Focuses on translation of promising research discovery into marketed drugs and the integration of scientific method, clinical needs assessment, clinical and regulatory strategy, market analysis, economic considerations, and the influence of the healthcare economic ecosystem necessary for successful translation. Explores the economic perspectives of various stakeholders--patients, providers, payers, biotechnology and pharmaceutical companies, FDA, and financial markets--and how they influence drug development.
Terms: Spr | Units: 2
Instructors: Grimes, K. (PI)

CSRE 101P: Student and Community Organizing for Social Change

In this course, we will learn from long-time organizers and change agents by studying movement histories, participating in skill-building workshops, and engaging directly in movement-building work with community partners from the Bay Area. Through selected readings curated in collaboration with community partners, we will dive into the stories, tactics, principles, methodologies, and theories of what it means to build community, enact social change, and challenge institutional forms of knowledge production. The goal of this course is to provide us with strategic frameworks and hands-on experiences of creating alternative futures in the now. To meet these goals, students will volunteer a total of 25 hours with a local community partner.
Terms: Spr | Units: 3-5
Instructors: De Loney, M. (PI)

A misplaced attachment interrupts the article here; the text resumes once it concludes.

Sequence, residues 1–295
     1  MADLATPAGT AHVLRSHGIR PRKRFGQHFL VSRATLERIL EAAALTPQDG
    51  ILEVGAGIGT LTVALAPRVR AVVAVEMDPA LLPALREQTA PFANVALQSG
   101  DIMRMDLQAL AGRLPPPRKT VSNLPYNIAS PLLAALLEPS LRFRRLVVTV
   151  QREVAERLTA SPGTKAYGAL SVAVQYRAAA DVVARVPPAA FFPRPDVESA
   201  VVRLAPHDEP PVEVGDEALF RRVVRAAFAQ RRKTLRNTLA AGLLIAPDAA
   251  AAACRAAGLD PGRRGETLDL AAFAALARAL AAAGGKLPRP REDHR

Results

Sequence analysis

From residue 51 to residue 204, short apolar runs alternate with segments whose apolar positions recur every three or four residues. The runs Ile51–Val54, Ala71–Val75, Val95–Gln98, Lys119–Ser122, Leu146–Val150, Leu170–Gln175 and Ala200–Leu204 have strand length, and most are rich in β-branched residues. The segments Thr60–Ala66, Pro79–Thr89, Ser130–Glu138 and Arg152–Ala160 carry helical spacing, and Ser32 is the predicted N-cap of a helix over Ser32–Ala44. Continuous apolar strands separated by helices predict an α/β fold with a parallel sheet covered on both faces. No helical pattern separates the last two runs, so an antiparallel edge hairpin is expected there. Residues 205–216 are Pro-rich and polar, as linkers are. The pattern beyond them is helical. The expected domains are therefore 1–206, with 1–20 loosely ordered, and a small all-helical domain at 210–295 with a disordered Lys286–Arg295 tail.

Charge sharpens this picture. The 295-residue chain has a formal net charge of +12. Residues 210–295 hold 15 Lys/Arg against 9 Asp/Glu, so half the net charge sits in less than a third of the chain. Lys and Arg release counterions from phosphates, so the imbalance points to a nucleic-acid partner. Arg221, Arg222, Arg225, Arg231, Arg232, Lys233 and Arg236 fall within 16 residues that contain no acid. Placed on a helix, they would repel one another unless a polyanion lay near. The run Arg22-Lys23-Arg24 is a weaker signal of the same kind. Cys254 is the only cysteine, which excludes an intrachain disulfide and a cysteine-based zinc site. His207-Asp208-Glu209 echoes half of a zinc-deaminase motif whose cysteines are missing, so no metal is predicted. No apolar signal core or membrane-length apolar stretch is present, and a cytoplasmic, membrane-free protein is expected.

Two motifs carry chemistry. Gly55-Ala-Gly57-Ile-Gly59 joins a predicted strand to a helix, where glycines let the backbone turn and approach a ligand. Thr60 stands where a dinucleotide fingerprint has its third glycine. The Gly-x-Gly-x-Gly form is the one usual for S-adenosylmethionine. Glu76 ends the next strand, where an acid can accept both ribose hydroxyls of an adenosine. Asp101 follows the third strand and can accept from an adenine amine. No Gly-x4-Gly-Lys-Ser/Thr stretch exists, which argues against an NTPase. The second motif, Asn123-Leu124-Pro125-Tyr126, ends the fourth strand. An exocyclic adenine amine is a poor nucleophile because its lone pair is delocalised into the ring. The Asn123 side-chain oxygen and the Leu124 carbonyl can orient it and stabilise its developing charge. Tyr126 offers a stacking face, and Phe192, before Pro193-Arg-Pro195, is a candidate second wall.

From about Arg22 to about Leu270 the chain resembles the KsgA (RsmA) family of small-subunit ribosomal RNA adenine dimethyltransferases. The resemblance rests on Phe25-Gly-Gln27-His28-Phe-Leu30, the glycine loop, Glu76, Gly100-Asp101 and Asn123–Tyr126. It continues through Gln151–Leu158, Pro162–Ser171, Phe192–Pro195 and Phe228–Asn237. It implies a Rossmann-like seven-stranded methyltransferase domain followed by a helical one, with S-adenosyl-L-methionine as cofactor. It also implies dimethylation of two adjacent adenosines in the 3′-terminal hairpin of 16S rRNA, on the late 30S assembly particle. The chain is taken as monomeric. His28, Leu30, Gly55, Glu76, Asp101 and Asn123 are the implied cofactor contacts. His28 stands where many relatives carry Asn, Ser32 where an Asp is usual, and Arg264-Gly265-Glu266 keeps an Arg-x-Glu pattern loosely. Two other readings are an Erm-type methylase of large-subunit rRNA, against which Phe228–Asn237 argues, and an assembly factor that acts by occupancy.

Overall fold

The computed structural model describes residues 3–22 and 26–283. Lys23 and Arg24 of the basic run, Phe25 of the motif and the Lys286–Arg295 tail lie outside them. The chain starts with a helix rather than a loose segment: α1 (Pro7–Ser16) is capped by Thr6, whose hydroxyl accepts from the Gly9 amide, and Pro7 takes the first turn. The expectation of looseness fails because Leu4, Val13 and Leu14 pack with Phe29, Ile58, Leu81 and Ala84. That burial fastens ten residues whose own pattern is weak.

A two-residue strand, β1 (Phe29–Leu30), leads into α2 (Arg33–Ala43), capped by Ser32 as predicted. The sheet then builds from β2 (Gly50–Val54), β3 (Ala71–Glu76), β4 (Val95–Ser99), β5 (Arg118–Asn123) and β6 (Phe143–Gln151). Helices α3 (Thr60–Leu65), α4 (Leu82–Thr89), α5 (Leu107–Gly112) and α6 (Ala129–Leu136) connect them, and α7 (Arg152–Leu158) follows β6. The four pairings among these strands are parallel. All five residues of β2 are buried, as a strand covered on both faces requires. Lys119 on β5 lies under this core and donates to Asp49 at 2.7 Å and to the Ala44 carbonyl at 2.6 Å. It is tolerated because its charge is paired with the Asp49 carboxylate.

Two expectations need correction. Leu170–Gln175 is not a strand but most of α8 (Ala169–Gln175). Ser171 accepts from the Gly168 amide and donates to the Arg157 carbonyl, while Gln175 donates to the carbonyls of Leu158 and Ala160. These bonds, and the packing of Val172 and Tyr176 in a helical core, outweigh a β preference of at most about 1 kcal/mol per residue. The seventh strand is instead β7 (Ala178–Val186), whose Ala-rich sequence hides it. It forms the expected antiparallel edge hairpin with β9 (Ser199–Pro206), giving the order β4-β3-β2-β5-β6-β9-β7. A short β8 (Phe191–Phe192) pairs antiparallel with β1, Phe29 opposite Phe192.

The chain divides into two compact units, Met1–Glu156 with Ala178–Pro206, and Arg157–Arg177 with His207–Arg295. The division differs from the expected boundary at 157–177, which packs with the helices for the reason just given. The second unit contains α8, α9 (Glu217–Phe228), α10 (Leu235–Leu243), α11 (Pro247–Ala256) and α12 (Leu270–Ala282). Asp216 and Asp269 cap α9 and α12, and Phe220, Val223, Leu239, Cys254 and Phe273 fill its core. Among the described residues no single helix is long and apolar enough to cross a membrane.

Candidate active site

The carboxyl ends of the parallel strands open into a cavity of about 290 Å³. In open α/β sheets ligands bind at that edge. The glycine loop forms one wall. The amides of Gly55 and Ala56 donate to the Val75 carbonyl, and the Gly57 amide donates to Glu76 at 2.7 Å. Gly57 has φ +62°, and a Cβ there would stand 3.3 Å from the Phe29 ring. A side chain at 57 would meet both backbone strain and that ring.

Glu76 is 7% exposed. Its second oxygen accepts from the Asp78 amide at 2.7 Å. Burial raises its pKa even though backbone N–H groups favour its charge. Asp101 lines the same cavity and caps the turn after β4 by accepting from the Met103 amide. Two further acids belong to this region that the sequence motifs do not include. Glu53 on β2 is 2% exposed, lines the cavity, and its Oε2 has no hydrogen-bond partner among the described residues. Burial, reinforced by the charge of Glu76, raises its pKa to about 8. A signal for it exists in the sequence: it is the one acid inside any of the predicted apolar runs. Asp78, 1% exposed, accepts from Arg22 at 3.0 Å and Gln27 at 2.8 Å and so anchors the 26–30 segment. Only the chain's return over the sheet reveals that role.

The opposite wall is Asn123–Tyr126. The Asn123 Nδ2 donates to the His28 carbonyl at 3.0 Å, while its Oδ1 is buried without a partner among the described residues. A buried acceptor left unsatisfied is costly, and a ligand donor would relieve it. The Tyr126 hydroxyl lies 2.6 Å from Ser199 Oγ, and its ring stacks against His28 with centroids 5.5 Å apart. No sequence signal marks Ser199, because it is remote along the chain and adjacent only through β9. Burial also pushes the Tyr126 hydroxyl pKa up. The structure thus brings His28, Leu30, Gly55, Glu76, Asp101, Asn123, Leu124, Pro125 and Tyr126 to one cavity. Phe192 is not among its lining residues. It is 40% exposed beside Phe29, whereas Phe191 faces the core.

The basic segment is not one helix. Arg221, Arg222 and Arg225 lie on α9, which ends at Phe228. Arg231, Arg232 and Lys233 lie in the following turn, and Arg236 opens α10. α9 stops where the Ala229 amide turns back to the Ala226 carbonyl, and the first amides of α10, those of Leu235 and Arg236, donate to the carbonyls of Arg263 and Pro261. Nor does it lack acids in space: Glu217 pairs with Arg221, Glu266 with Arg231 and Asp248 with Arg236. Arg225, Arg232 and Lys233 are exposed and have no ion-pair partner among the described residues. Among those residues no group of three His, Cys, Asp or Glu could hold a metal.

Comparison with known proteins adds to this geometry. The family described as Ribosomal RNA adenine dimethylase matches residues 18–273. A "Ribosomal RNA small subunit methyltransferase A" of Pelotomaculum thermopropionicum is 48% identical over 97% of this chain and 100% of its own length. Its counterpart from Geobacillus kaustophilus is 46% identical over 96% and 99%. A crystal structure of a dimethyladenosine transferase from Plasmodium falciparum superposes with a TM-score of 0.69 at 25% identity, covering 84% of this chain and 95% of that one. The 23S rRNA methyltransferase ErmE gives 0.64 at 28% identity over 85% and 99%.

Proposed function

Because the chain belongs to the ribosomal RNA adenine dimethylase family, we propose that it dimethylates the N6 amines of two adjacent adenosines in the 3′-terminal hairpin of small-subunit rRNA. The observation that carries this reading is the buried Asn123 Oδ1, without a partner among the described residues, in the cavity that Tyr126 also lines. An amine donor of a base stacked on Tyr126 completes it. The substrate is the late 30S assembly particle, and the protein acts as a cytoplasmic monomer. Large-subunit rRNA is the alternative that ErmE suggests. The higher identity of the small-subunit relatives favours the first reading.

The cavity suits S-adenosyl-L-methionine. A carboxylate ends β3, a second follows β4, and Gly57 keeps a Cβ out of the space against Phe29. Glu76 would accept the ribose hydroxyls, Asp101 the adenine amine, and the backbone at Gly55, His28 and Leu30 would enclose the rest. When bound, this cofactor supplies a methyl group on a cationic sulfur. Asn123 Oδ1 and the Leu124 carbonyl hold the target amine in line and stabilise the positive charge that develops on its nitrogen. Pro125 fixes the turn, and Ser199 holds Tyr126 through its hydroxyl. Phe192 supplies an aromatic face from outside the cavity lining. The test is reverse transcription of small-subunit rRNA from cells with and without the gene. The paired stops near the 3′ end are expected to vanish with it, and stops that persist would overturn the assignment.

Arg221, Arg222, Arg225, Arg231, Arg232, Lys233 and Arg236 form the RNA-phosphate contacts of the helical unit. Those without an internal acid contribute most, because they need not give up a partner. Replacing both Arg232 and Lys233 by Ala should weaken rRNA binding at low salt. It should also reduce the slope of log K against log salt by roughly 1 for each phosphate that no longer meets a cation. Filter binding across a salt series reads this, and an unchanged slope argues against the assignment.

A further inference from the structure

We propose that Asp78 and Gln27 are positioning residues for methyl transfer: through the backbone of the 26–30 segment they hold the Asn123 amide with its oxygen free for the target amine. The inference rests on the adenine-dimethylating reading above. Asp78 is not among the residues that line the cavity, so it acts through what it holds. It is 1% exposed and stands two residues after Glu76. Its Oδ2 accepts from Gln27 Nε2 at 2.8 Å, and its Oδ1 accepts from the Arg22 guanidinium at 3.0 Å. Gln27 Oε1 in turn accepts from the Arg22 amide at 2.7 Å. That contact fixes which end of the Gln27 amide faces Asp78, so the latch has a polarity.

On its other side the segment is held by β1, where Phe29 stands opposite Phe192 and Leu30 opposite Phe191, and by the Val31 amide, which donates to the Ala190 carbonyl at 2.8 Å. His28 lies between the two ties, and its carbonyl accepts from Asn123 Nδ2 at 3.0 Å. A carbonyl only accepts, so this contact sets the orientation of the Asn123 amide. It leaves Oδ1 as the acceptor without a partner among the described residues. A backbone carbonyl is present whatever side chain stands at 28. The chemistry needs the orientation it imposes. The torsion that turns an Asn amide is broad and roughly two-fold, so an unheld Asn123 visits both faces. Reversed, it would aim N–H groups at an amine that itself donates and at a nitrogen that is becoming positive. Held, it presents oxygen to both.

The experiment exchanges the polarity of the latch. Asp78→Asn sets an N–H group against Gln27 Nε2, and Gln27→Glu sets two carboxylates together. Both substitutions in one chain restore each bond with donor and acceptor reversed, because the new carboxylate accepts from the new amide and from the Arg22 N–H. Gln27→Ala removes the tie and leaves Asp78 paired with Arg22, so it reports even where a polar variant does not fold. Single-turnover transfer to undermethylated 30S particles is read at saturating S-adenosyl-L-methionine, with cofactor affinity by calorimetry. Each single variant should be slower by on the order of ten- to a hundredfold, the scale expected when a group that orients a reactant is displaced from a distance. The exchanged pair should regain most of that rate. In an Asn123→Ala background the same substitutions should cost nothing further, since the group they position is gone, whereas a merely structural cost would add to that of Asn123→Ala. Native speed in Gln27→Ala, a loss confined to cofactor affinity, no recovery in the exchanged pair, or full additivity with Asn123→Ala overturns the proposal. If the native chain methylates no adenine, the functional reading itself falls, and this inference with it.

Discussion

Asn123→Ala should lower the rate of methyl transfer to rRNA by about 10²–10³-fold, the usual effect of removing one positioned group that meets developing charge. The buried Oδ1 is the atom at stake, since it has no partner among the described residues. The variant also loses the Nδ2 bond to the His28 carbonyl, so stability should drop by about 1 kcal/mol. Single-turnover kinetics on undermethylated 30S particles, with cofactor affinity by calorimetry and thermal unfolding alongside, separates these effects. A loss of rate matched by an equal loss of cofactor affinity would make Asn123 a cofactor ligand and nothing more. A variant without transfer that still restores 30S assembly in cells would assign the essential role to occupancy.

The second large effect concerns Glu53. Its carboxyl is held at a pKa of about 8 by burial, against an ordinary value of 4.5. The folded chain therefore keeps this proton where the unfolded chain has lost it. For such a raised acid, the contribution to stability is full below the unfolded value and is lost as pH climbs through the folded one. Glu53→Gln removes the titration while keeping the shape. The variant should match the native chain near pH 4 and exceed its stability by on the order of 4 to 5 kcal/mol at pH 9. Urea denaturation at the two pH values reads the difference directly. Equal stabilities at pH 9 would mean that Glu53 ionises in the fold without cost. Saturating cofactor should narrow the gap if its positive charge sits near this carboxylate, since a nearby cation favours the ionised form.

CSRE 103B: Race, Ethnicity, and Linguistic Diversity in Classrooms: Sociocultural Theory and Practices (AFRICAAM 106, EDUC 103B, EDUC 337)

Focus is on classrooms with students from diverse racial, ethnic and linguistic backgrounds. Studies, writing, and media representation of urban and diverse school settings; implications for transforming teaching and learning. Issues related to developing teachers with attitudes, dispositions, and skills necessary to teach diverse students.
Terms: Win | Units: 3-5 | UG Reqs: WAY-ED
Instructors: Artiles, A. (PI)

DESINST 255: Design for Health: Navigating Futures in Virtual Reality (EMED 255)

For many people, participating in the American healthcare system is confusing, frustrating and often disempowering. It is also an experience fueled with emotional intensity and feelings of vulnerability. Virtual Reality (VR) is an emerging technology that is finally starting to feel like it will play a more significant role in many human experiences. While initial applications have been primarily in entertainment and gaming, we are interested in how VR might be used to improve healthcare experiences and outcomes. In this class, students will gain an introduction to VR technology and insight into the experiences of different healthcare stakeholders that are likely to benefit from VR technologies. Students will collaborate to explore multiple use cases and design opportunities for VR in these healthcare scenarios. Expect an immersive experience!nAdmission by application. See dschool.stanford.edu/classes for more information.
Terms: Aut | Units: 3